The 26th conference of the parties (COP) to the UN Framework Convention on Climate Change (UNFCCC) opened with the event’s President Alok Sharma putting Nepal on the spotlight.
“On a visit to Jomsom in Nepal, in the Hindu-Kush region, I spoke to communities literally displaced from their homes from a combination of droughts and floods,” he said.
Sharma was in Nepal in February this year to understand the effects of global warming on mountainous communities first-hand. Sharma’s mention of Nepal, according to officials, put the Himalayas at the center of the global climate agenda, and set the tone for the conference to ratchet up ambition to limit global temperature rise.
Negotiators were also made aware of the dire situation of the planet ahead of the global conference in Glasgow by the UN’s environment agency, UNEP. Its annual Emissions Gap Report suggested that the world was on course to a warming of around 2.7 C with potentially highly destructive impacts.
Research has shown that a one-degree rise in average global temperature translates to a much higher increment in temperatures in the mountains, triggering various natural disasters in mountainous countries like Nepal.
Addressing the summit, Prime Minister Sher Bahadur Deuba urged world leaders to recognize specific climate vulnerability of the high mountains and prioritize the mountain agenda in all climate-related negotiations. PM Deuba said keeping global temperature rise to below 1.5° Celsius was vital for the mountain people.
Maheshwar Dhakal, fromer UNFCCC focal person for Nepal and head of the climate change division at the Ministry of Forest and Environment, says more effort is needed to highlight the mountain agenda in the international forum. “We have been raising this issue for long but it has never been heeded,” says Dhakal, who is now member-secretary at the President Chure Tarai-Madhes Conservation Fund. In comparison, the likes of Bhutan and Bangladesh have been much more effective in highlighting their plight in international climate forums.
Though the government is raising the issue of the impact of climate change in the Himalayas, there is a shortfall of research in the area, says former member of the National Planning Commission Krishna Prasad Oli. “Due to climate change, there is a danger of glacier outbursts and avalanches in the Himalayan region,” he says. “But do we have proper research to back that up to show the international community? No.”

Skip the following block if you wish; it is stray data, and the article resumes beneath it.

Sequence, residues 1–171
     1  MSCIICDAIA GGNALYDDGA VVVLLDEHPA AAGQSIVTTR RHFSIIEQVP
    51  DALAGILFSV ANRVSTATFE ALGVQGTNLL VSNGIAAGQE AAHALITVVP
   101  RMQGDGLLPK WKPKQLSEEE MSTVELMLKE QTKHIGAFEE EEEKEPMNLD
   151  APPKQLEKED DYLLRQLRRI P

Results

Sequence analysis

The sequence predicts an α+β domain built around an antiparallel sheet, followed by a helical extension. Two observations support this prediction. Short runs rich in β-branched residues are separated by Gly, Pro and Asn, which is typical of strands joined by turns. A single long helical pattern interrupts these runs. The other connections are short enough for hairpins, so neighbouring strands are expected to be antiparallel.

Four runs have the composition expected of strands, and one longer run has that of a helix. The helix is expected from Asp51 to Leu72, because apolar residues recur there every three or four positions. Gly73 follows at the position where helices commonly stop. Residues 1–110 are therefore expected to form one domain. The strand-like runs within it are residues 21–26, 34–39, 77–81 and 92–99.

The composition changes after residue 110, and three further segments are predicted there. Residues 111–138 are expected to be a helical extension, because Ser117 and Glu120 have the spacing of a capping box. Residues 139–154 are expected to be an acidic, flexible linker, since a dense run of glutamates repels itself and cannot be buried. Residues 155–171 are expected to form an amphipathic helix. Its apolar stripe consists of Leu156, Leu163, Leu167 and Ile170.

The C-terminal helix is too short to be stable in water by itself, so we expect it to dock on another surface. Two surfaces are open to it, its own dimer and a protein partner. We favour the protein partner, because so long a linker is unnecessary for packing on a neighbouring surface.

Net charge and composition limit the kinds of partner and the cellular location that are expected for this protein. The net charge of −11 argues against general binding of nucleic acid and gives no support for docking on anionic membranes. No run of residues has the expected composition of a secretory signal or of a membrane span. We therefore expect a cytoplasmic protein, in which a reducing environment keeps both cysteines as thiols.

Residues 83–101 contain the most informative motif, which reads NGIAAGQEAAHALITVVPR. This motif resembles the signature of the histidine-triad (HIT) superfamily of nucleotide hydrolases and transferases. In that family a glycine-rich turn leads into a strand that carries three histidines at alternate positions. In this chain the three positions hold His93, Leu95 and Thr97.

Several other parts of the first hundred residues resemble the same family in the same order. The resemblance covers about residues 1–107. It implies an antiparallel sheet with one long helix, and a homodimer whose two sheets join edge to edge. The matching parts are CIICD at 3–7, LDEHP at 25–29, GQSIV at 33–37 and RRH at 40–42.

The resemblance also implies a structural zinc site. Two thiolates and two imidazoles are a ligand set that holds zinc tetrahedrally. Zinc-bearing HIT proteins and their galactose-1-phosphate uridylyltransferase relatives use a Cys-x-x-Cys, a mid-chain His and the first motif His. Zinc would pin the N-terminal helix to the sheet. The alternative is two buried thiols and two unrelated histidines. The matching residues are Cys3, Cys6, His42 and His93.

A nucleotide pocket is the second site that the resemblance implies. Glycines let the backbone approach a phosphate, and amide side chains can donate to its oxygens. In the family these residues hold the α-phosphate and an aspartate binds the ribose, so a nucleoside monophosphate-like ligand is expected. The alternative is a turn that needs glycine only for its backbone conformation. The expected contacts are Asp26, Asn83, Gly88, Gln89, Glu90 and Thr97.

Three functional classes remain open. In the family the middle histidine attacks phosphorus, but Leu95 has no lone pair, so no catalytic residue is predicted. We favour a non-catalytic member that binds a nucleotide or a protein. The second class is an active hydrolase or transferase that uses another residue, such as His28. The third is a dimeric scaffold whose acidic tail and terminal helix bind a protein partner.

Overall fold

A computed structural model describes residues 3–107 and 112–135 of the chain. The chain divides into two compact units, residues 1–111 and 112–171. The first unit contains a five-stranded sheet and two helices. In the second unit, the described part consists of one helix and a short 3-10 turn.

Climate finance was another vital issue raised by Nepal at the summit. PM Deuba said, “We have mechanisms to ensure that international climate finance is channeled to support transformational approaches in implementing adaptation, mitigation, and disaster management actions together.”
In 2009, developed countries had agreed to give $100 billion a year by 2020 to help poorer countries fight climate change. But the developed countries are yet to fulfill their promise. The Glasgow pact now pushes the deadline to 2023.
Loss and damage caused by climate change was another agenda that Nepal, along with other Least Developed Countries, raised. PM Deuba called upon the parties to make loss and damage a stand-alone agenda for negotiations and to support the framework of additional financing for it. Nepal is of the view that there should be adequate support for adaptation in the most vulnerable countries by scaling up financial, technological, and capacity-building resources.
In the meeting of the Least Developing Countries (LDC) held prior to the summit, Sonam Wangdi, chair of the LDC group, said, “Dealing with the loss and damage caused by the climate crisis is a top priority for vulnerable countries. Years of inadequate action on climate change means that it is no longer possible to mitigate or adapt to wholly avoid irrevocable harms, costs, and losses from climate change.” Wangdi said finance and technical support to address loss and damage are urgently needed.